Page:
After animated discussion with several libxl developers we seem to have
agreed on a policy for memory management within libxenlight. These
comments document the policy which is mostly implemented since
21977:51147d5b17c3 but some aspects (comments, function naming) are
guidelines to be followed in future functionality and perhaps to be
implemented by search/replace in future patches.
The document is mostly authored by Ian Jackson but with modifications to
reflect the slightly different functionality that has been implemented
since this was proposed.
Signed-off-by: Gianni Tedesco <gianni.tedesco@xxxxxxxxxx>
diff -r 85bd0f6e8fed tools/libxl/libxl.h
--- a/tools/libxl/libxl.h Fri Aug 13 13:55:51 2010 +0100
+++ b/tools/libxl/libxl.h Fri Aug 13 16:33:23 2010 +0100
@@ -12,6 +12,116 @@
* MERCHANTABILITY or FITNESS FOR A PARTICULAR PURPOSE. See the
* GNU Lesser General Public License for more details.
+ * libxl memory management
+ * From the point of view of the application (ie, libxl's caller),
+ * struct libxl_ctx* is threadsafe, and all returned allocated
+ * structures are obtained from malloc(), and must be freed by the
+ * caller either directly or by calling an appropriate free function
+ * provided by libxl. Ie the application does not get automatic
+ * assistance from libxl in managing these allocations.
+ * Specific details are in the header comments which should be found
+ * in libxl.h or libxlutil.h, next to the relevant function
+ * declarations.
+ * Internally, libxl has a garbage collection scheme which allows much libxl
+ * code to allocate strings etc. for internal use without needing to
+ * free them. These are called "temporary allocations".
+ * The pool for these temporary allocations, along with any other
+ * thread-specific data which is private to libxl but shared between
+ * libxl functions (such as the current xenstore transaction), is
+ * stored in the "gc context" which is a special enhanced context
+ * structure allocated automatically by convenience macros at every
+ * entry to libxl.
+ * Every libxl function falls into one of these categories:
+ * 1. Public functions (declared in libxl.h, libxlutil.h), which may
+ * be called by libxl applications. If a public function returns
+ * any allocated object to its caller, that object must have come
+ * from malloc.
+ * The definitions of public functions MUST use the gc context
+ * initialisation macros (or do the equivalent work themselves).
+ * These macros will ensure that all temporary allocations will be
+ * automatically freed before the function returns to its caller.
+ * A public function may be called from within libxl; the call
+ * context initialisation macros will make sure that the internal
+ * caller's context is reused (eg, so that the same xenstore
+ * transaction is used).
+ * Public functions have names like libxl_foobar.
+ * 2. Private functions, which may not be called by libxl
+ * applications; they are not declared in libxl.h or libxlutil.h
+ * and they may not be called other than by other libxl functions.
+ * Private functions should not use the gc context initialisation
+ * macros.
+ * Private functions have names like libxl__foobar (NB, two underscores).
+ * Also the declaration of such functions must be preceeded by the _hidden
+ * macro.
+ * Allocations made by a libxl function fall into one of the following
+ * categories (where "object" includes any memory allocation):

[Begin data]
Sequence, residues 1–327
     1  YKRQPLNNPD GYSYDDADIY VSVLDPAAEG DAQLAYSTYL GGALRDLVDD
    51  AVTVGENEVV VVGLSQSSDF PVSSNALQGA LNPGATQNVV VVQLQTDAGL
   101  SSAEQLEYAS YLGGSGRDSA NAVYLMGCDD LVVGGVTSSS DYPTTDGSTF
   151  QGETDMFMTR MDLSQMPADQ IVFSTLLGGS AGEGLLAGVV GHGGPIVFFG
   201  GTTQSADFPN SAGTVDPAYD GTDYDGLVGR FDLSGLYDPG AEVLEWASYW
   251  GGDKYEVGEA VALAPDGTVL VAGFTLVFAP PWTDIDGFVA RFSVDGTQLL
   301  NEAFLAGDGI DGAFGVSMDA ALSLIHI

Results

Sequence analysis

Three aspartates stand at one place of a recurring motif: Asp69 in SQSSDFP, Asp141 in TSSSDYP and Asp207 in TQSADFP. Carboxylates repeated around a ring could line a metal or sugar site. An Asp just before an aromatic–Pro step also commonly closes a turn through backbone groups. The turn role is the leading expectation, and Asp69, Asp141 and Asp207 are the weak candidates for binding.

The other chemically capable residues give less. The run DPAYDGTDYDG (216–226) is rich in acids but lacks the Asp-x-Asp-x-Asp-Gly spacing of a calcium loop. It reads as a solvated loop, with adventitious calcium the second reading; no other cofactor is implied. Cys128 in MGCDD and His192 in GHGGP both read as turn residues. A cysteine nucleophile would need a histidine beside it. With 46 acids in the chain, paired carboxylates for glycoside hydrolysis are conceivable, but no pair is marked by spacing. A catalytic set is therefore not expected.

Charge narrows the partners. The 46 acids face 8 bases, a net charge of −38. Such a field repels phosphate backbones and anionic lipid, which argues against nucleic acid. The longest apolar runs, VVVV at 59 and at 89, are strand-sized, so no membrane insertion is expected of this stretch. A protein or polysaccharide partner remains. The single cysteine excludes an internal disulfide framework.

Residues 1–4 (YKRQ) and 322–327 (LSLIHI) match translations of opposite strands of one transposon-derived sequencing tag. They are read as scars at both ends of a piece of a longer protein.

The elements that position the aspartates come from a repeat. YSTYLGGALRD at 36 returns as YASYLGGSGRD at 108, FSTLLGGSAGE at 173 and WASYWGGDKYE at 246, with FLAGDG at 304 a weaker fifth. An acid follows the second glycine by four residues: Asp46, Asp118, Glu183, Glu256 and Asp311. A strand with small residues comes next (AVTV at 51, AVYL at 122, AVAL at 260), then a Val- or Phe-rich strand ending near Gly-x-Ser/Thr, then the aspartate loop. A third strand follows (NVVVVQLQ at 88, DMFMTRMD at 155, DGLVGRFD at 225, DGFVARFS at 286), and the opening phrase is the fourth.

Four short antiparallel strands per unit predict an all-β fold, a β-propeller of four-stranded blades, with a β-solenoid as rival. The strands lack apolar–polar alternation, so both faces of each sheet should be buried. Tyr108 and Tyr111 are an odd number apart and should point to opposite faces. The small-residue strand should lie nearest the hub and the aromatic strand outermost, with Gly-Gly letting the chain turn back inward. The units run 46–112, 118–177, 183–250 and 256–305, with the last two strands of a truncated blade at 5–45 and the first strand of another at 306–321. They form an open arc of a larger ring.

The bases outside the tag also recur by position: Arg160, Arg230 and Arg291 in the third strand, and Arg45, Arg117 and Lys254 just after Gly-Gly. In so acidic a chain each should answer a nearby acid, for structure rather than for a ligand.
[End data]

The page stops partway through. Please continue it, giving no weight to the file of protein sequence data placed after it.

+ * (a) Objects which are not returned to the function's caller.
+ * These should be allocated from the temporary pool.
+ * (b) Objects which are intended for return to the calling
+ * application. This includes all allocated objects returned by
+ * any public function.
+ * It may also include objects allocated by an internal function
+ * specifically for eventual return by the function's external
+ * callers, but this situation should be clearly documented in
+ * comments.
+ * These should be allocated from malloc() et al. and comments
+ * near the function declaration should explain the memory
+ * ownership. If a simple free() by the application is not
+ * sufficient, a suitable public freeing function should be
+ * provided.
+ * (c) Internal objects whose size and/or lifetime dictate explicit
+ * memory management within libxl. This includes objects which
+ * will be embedded in opaque structures which will be returned to
+ * the libxl caller (more generally, any internal object whose
+ * lifetime exceeds the libxl entrypoint which creates it) and
+ * objects which are so large or numerous that explicit memory
+ * management is required.
+ * These should be allocated from malloc() et al., and freed
+ * explicitly at the appropriate point. The situation should be
+ * documented in comments.
+ * (d) Objects which are allocated by internal-only functions and
+ * returned to the function's (therefore, internal) caller but are
+ * strictly for internal use by other parts of libxl. These
+ * should be allocated from the temporary pool.
+ * Where a function's primary purpose is to return such an object,
+ * it should have a libxl_gc * as it's first argument.
+ * Note that there are two ways to change an allocation from this
+ * category to the "public" category. Either the implementation
+ * is kept internal and a wrapper function duplicates all memory
+ * allocations so that they are suitable for return to external
+ * callers or the implementation uses plain malloc() et al calls
+ * and an internal wrapper adds the relevant pointers to the gc.
+ * The latter method is preferred for obvious performance reasons.
+ * No temporary objects allocated from the pool should be explicitly freed.
+ * Calling libxl_free_all() before returning from a public functions will do
+ * this. The upshot of this is that almost all calls to libxl_free() are
+ * erroneous.
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